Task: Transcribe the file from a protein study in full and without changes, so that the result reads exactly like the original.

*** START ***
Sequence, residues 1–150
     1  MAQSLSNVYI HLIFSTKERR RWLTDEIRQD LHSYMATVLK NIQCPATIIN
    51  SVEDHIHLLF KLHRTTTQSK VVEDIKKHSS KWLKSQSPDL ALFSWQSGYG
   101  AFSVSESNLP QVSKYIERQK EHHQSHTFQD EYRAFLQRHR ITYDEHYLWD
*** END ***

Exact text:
Sequence, residues 1–150
     1  MAQSLSNVYI HLIFSTKERR RWLTDEIRQD LHSYMATVLK NIQCPATIIN
    51  SVEDHIHLLF KLHRTTTQSK VVEDIKKHSS KWLKSQSPDL ALFSWQSGYG
   101  AFSVSESNLP QVSKYIERQK EHHQSHTFQD EYRAFLQRHR ITYDEHYLWD